The world has a diplomatic device, already eight years old, that could serve as an exit ramp – an institution designed to allow diplomacy to take place away from the grip of American intervention: the Normandy Format. During D-Day celebrations in Normandy in 2014, Germany, Russia, Ukraine and France agreed to start informal four-way talks to resolve ongoing violence in eastern Ukraine. The United States was excluded, as the process was designed to be an intra-European effort.

Europe as a whole would like to ease tensions and allow diplomacy to take precedence more than the United States seems to want; unlike US troops on standby, European security measures are symbolic. And recent readings from the White House and the French Elysée after a joint call with other European allies Ukraine, Russia and Russian ally Belarus show these somewhat divergent orientations.

The Elysée press release underlined the need for a “de-escalation” in the “negotiations” within the framework of an “enhanced dialogue with Russia that we are conducting”, that is to say at through the Normandy Format, with an upcoming consultation already planned between Putin and French President Emmanuel Macron. In contrast, the American reading makes no mention of Normandy or the role of France. If he expresses his support for a diplomatic resolution, his language in this regard is decidedly more lukewarm.

On Wednesday, the United States provided a written response to Russian inquiries on Ukraine. The contents have not been made public, but it is likely not to have gone as far as European officials would have suggested in background briefings, particularly on the crucial issue of EU membership. NATO for Ukraine, which Russia fiercely opposes.

According to Secretary of State Antony Blinken, the US draft memo submitted to Russia on Wednesday offered no changes to its policy on Ukraine’s NATO membership. But Western European countries like France would probably be willing to make that concession to prevent Moscow from invading. There is little real appetite among most European NATO members for the addition of any country that might need to invoke Article V (an attack on one is an attack on all) of so early.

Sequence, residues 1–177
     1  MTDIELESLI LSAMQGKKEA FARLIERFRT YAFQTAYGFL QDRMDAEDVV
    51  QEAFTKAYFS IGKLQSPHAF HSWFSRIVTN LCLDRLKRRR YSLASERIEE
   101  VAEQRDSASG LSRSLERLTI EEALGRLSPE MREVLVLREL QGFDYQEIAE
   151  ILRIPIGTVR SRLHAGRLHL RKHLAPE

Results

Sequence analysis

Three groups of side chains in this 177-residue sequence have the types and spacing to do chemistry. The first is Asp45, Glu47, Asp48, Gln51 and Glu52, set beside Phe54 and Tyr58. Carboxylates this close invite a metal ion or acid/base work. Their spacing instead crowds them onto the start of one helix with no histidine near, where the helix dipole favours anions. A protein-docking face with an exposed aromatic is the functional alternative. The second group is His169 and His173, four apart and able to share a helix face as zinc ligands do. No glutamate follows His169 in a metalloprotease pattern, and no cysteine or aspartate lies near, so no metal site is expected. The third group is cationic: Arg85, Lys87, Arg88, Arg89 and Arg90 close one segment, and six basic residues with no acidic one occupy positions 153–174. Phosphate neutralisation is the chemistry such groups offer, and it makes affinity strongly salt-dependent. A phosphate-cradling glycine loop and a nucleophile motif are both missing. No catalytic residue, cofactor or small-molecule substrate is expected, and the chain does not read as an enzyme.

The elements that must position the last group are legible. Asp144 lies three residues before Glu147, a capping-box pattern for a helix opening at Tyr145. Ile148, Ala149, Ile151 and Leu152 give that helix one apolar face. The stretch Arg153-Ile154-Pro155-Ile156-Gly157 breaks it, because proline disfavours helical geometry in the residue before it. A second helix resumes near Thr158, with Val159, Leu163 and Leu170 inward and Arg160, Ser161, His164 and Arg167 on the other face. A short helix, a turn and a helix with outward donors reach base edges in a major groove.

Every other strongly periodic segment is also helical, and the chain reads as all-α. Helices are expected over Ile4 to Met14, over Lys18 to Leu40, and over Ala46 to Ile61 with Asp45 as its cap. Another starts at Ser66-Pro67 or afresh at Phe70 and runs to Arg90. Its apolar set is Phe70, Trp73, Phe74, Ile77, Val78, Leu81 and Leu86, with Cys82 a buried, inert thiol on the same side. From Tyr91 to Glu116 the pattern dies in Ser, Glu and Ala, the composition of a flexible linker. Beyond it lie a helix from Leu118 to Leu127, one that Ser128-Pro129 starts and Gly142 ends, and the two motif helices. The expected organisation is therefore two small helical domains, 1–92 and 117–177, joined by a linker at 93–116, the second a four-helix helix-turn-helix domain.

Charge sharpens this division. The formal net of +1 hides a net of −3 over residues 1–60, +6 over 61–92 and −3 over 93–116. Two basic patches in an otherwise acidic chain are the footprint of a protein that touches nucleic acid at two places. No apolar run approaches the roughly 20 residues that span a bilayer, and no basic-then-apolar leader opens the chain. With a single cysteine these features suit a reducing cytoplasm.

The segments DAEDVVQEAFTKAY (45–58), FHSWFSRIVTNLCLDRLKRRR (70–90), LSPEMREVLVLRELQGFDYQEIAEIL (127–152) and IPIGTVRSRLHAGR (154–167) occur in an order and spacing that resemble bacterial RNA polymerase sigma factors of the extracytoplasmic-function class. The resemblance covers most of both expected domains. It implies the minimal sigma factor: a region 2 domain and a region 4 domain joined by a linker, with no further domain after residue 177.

Beyond political goals, what probably struck Putin most was the sudden and unceremonious manner in which he was expelled from the G-8 in 2014 after taking over Crimea. What has become the G-7 is the ultimate club of power nations. Since then, Putin has his frustrated nose against the window. Obviously, now is not the time to reward him, and that does not appear to have been mentioned in the US note to Putin. But some means of demonstrating that Russia is not a total pariah nation, on the way to joining the ranks of North Korea and Iran, would be a good start.

It is time for the United States to step back and let the Europeans play the leading role in these initiatives. They have, after all, a more direct and closer interest in a full-scale war on their continent and appear to be in a position to curb Putin’s ambitions. The latest Normandy rally was adjourned on Wednesday evening with a new date for the resumption of talks in two weeks – at the very least it avoids an invasion during this period.

There is an expression that I first learned in Russian class in 1961, “an iron fist in a velvet glove”. Europe, led by the French, seems to be going the kind of way Biden should be going: moderation and reflection, with just a taste of steel.

To end Russian-Ukrainian tensions, Vladimir Putin needs a way to save face